Officially launched in late April 2018, Norval Foundation in Cape Town’s Steenberg is a significant cultural centre dedicated to the exhibition of art in a spectacular natural setting. To learn more about an institution that’s already got the world watching, we caught up with executive director Elana Brundyn, founder of Brundyn Gallery and an important member of the inaugural team that launched the Zeitz Museum of Contemporary Art Africa (MOCAA) in 2017.
you took up your role at Norval Foundation straight off the back of three and a half years at Zeitz MOCAA. How did the opportunity arise and what convinced you to take on the challenge?
Louis Norval, the founder and initial funder, approached me about it but to be honest, I wasn’t really interested at first. I was intrigued by the Norval family’s amazing modernist collection, but I’d just finished up at Zeitz MOCAA, and I was eager to take a break. Then Louis asked me to come and look at the site. When I entered the building, there was just something about the lay of the land, the sensitivity of the structure and the consideration of nature that struck me. I fell in love, and I thought, ‘This is so incredible, I have to do it.’
how would you describe the foundation’s key objectives?
The Norval family have long had this dream to make art more accessible to the general public, so that’s where the drive came from. It’s important to us that guests feel very welcome and involved. Every single person who comes here is a patron, not just a visitor. We’re also focusing quite intently on art and nature conservation awareness and education among young kids, and we’ve published a beautiful children’s book for this purpose.
there have been a number of significant cultural developments in South Africa in recent years. did this climate impact the establishment of the foundation at all?
Louis Norval actually started with the initial plans many, many years ago. But that said, you start to see connections when you look back. Establishing a world-class art museum is obviously something people have wanted to do for this continent, and maybe they fed off one another without even knowing. I do think it’s significant that for over 100 years, since the Museum of Cairo was established in 1902, the continent hasn’t seen any new large institutions. Then, within seven months, we have both Zeitz MOCAA and Norval Foundation. I think we’re developing momentum and establishing a critical mass that’s making the world look to Africa and take note.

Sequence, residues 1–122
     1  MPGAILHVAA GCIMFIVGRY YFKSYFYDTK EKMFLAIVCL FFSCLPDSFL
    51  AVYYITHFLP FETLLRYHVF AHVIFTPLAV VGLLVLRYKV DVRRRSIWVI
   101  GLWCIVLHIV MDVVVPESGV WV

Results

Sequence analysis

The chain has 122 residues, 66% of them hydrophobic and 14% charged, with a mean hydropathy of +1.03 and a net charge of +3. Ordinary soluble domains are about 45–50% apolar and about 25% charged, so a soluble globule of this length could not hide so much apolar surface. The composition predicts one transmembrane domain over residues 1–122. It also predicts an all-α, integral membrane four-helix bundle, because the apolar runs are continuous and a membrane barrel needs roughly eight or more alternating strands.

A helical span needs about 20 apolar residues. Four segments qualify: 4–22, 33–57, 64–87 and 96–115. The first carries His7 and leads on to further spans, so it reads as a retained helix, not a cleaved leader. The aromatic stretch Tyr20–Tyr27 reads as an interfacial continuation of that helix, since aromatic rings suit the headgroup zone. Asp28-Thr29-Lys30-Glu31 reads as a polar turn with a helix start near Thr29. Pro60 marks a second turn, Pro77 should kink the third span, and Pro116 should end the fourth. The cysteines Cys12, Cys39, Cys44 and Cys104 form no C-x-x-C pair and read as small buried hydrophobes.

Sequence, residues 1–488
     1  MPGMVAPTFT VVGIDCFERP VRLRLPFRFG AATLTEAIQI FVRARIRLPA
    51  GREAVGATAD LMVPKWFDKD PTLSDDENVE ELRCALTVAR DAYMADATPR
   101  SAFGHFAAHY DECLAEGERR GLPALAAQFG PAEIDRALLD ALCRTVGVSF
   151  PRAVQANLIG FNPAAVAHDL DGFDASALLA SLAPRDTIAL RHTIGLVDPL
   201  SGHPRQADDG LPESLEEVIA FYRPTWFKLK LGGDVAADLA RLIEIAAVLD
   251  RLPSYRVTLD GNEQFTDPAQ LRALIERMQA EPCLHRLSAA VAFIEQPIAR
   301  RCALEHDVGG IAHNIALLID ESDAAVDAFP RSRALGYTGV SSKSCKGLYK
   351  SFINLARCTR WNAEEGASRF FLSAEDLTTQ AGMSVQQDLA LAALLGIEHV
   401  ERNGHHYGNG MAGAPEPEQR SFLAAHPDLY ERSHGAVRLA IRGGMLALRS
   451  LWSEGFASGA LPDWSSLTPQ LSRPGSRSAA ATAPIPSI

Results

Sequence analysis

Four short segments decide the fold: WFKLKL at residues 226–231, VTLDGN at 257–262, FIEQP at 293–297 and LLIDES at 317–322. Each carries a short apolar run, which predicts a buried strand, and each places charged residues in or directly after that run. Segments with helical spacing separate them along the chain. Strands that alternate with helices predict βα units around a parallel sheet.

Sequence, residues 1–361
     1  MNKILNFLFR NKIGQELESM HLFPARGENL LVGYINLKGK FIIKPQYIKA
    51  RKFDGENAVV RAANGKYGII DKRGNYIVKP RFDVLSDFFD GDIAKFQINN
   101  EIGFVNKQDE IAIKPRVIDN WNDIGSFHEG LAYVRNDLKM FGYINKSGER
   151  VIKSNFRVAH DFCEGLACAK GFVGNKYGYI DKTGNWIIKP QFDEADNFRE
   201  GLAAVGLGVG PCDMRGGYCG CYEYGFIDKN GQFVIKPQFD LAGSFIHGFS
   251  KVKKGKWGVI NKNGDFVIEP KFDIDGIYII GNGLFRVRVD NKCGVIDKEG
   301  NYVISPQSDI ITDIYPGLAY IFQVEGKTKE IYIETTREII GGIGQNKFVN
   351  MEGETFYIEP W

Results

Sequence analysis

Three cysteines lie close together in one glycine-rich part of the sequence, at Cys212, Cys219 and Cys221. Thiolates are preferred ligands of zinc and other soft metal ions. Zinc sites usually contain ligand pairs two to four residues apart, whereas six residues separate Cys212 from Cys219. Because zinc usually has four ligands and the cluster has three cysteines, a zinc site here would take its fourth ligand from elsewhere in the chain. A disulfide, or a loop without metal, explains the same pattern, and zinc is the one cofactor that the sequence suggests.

what separates the museum from other major institutions, like Zeitz MOCAA?
Our unique exhibition strategy sets us apart. We don’t have a permanent collection. Rather, we’ll be doing two major exhibitions and four to six focus shows every year, and this will constantly evolve. We’re also focusing on 20th-century and 21st-century art, and while the majority is from Africa, we’re looking beyond the continent too and showing international work that relates in one way or another to the local context. With our public programme, we’ll be engaging people with lectures, talks and other events, and there’s a very strong focus on music and live concerts. Then there are also all the different facets – the restaurant, the shop, the library.